If you want to become an LPN, then begin school and go for it. With your experience as a CNA, you're already familiar with many of the duties of an LPN. You already "know your way" around, have "people experience", and that's a huge headstart. You'll find many of the students in your class (at least the smart ones) will look to you for guidance and leadership.
I received my LPN 48 years ago in the Army, and have used it sporadically since then. I retired 10 years ago and moved from AZ to rural VA. After ten years of substitute teaching and working with local high school athletics, one of the coaches heard me mention that I had an LPN license. The head school nurse then called, asked me if indeed I was licensed, and told me about the shortage of substitute nurses for our school system. I have now applied for and received my VA license, completed my state school orientation, updated my CPR certification, and will begin in-school orientation in the new year. I was able to fill a need, find a job that I enjoy, and no one ever had an issue with my age of 70. Quite the contrary, they considered my age as experience.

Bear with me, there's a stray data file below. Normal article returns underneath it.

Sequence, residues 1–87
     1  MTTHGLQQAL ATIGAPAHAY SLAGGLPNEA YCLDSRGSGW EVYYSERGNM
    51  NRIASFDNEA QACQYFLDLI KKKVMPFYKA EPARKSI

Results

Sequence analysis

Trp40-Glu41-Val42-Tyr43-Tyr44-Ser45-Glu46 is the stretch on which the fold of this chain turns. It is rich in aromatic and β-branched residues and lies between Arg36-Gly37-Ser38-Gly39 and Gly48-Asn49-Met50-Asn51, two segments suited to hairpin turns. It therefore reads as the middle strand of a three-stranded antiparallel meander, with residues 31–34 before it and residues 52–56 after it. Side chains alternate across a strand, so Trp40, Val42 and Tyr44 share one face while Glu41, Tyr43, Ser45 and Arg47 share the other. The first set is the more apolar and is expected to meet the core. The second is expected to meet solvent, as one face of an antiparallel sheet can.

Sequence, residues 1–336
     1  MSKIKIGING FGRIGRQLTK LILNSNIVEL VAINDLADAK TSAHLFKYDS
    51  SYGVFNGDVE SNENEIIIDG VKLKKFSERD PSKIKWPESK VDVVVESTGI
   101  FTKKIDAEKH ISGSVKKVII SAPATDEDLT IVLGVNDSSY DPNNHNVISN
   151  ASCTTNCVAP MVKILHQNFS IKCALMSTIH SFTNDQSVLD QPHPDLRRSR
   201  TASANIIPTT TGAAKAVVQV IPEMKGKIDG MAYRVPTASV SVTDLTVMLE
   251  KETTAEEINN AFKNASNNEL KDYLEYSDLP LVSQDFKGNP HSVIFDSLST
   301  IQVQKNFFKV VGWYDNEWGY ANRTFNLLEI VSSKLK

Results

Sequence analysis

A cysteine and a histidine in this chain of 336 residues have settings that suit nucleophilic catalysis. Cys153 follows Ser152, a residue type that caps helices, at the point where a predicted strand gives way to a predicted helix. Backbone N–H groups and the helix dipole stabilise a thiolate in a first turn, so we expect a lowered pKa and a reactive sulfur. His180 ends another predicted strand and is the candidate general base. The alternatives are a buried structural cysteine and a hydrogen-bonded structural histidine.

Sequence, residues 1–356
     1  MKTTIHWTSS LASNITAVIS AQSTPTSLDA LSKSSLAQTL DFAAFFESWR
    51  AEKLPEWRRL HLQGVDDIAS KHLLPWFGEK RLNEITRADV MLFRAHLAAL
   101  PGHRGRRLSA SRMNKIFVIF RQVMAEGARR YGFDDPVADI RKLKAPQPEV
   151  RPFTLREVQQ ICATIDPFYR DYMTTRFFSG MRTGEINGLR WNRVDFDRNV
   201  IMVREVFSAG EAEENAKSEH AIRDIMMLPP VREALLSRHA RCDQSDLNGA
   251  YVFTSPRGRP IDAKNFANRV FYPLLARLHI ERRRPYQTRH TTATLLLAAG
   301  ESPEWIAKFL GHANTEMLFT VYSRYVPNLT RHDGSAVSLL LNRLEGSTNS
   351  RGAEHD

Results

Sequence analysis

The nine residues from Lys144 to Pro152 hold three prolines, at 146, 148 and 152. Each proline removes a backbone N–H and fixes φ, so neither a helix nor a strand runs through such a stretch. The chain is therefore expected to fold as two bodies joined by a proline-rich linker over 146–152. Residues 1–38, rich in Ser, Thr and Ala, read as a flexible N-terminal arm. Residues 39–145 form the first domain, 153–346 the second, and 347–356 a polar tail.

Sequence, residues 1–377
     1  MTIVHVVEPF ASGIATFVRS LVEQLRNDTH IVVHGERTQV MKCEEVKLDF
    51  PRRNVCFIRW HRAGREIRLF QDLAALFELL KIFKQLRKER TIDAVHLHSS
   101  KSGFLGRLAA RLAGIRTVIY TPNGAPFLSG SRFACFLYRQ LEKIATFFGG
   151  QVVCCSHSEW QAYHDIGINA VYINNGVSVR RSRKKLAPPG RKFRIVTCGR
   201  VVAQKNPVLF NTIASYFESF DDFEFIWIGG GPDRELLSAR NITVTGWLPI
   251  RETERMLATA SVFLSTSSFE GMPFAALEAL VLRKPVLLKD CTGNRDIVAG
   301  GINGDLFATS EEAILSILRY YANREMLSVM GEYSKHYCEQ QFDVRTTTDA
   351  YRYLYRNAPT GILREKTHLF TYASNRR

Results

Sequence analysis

And for those who ask, retirement was boring!